- Install piles to use as clothing rods
- Clothes hanging rack and shelving storage behind a bed near headboard area
This is by no means a complete list of bedroom requirements for foster children, but it does provide a good idea of the things that will need to be addressed when preparing your home to foster a child.
Your foster care training and the care home study provider you will be working with is on your side and wants you to succeed in being prepared to take in foster children. So don’t sweat it if you feel a bit overwhelmed at first.
Firearms Are Locked and Out of Reach
There are other things within the home that you may want to be aware of over and above the foster child’s room. Home study social workers will have the issue of firearms at the top of their list.
The state of Kansas will require that you keep your handgun unloaded when storing it. Locked guns, of course, should never be kept in a child’s room.
When storing ammunition, keep it separate from the guns. Ammunition must be kept secured and out of reach of your foster children, just as weapons must be kept locked and out of reach.
You must notify the foster care agency if you find yourself in possession of a handgun while fostering or going through the foster care application process.
Each handgun in the home should, if possible, have a trigger lock.
A Bedroom and Home Should Be Clean and In Good Repair
Your house must be spotless and in good working order. It’s a good idea to clean your house well before beginning the foster care application process so that it’s ready for inspection.
This form of cleaning should go beyond the bedroom and is similar to what some people call spring cleaning. Here are some examples of thorough cleaning:
• Hire a carpet cleaner to steam clean your carpets.
• Clean your windows from the inside as well as the exterior.
• Remove the refrigerator and clean behind and beneath it.
• Wipe clean all inside walls with a damp cloth.
• Launder throw rugs in the washing machine.
• Get your broom and search the ceilings for cobwebs.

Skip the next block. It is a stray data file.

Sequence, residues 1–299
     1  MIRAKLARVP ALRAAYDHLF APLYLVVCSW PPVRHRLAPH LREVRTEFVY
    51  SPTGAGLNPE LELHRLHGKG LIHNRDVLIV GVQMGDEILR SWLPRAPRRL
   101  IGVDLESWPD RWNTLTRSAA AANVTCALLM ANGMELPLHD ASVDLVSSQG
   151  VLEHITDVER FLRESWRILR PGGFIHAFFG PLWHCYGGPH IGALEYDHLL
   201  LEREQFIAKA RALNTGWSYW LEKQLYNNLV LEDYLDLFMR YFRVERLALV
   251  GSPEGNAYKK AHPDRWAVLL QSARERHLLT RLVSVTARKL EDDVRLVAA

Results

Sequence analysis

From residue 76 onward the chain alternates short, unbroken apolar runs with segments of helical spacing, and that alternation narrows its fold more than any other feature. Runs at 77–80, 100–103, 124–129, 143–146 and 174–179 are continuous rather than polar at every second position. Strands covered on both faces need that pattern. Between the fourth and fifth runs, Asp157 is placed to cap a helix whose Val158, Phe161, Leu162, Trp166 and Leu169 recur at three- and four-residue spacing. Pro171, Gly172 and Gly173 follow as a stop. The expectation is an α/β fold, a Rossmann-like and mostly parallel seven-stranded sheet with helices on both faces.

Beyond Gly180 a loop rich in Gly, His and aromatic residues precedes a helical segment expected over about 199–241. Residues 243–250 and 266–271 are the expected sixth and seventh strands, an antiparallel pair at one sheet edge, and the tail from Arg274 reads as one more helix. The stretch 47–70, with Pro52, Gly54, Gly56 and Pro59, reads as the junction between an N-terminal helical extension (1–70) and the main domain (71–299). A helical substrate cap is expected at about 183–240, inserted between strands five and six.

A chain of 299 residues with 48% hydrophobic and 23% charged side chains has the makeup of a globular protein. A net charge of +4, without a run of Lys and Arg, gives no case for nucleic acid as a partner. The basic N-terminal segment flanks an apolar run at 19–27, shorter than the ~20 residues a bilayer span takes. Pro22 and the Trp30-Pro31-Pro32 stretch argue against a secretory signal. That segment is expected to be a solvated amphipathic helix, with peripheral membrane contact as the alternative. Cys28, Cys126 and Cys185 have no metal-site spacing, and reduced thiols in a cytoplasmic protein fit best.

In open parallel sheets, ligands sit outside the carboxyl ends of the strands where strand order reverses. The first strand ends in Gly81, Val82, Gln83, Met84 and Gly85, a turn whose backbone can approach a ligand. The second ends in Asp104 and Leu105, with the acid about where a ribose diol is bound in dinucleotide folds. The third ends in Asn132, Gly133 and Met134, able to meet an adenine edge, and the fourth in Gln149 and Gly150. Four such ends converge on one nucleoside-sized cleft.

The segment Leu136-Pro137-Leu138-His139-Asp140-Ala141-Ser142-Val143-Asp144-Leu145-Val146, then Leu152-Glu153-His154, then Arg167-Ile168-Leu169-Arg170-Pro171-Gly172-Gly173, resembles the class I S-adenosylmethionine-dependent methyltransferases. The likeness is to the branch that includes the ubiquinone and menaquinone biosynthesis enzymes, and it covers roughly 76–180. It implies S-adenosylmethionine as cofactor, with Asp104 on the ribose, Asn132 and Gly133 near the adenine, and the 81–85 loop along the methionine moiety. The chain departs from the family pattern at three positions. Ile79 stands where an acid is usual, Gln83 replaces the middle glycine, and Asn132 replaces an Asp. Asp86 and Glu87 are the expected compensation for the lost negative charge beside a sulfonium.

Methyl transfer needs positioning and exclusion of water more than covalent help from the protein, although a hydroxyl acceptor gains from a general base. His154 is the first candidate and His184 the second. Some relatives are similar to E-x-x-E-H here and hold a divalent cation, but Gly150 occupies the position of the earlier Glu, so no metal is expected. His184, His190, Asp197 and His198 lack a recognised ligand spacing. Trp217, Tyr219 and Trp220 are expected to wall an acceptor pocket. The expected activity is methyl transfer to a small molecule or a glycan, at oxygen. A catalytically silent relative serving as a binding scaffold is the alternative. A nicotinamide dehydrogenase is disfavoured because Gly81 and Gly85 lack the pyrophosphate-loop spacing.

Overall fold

• Mop your floors, giving special attention to the floor’s edges as well as any dust and grime-collecting molding.
• Dust hard-to-reach areas like ceiling fans and the refrigerator’s top.
• Clean the window sills and jambs.
Your home’s exterior will also require maintenance. Here are some things to think about:
• Make sure the yard is clutter-free.
• To avoid tripping and injury, fill all holes in the yard.
• Check that the fencing is solid and secure to avoid a child falling out of the yard.
• Make sure the siding on the outside of the house, as well as the gutters, are secure so that nothing falls on the youngster.
• Check to see if any of the trees in your yard have any suspicious limbs that might fall and cause damage.
Other Things to Consider
Foster parents are desperately needed in the state of Kansas, as in all other states. Foster children have all gone through some level of trauma, loss, and grief and need loving homes to go to.
The home study process will guide you through home preparation, so you’re not alone.
Group homes that accommodate a larger number of foster children at one time are also in need providing your home meets those state requirements.
Foster homes are provided monthly financial assistance to cover the costs of a foster child’s room and board, transportation to court hearings, primary medical needs, and counseling appointments.
Many foster children have suffered sexual abuse, emotional abuse, and physical abuse and will need transportation to counseling appointments often.
The length of time that these counseling appointments last is dependent on the extent of their trauma, as well as the length of time they will reside in your foster home.
The goal will always be to reunite the foster child with their birth parents. There are times, however, when a foster child will be eligible for adoption.
A foster child’s relatives are generally given the option to adopt the child first. If there are no relatives available to adopt an eligible foster child, the foster parents are almost always given the option to adopt the foster child.
If a foster parent is ever interested in being adoptive parents to a foster child, know the opportunity does come up, but be careful.
One of the hard parts about being a foster parent is becoming attached and then having to say goodbye as the foster child is reunited with their biological family.
In a nutshell, to become a foster parent in Kansas, you will go through the following steps:
- Request information from your local Department of Human Resources
- Fill out paperwork
- Submit a background check and fingerprints
- Attend an orientation to get your questions answered
- Participate in the foster care training program
- Meet with a social worker several times in your home to conduct your home study
These steps prepare foster parents to accept a foster child into their foster family home.
About the Author:
Trina Greenfield is passionate about providing information to those considering growing their family. Trina does not run an adoption agency. Her website is strictly information-based, so she is able to provide unbiased, credible information that she hopes will help guide those along their journey.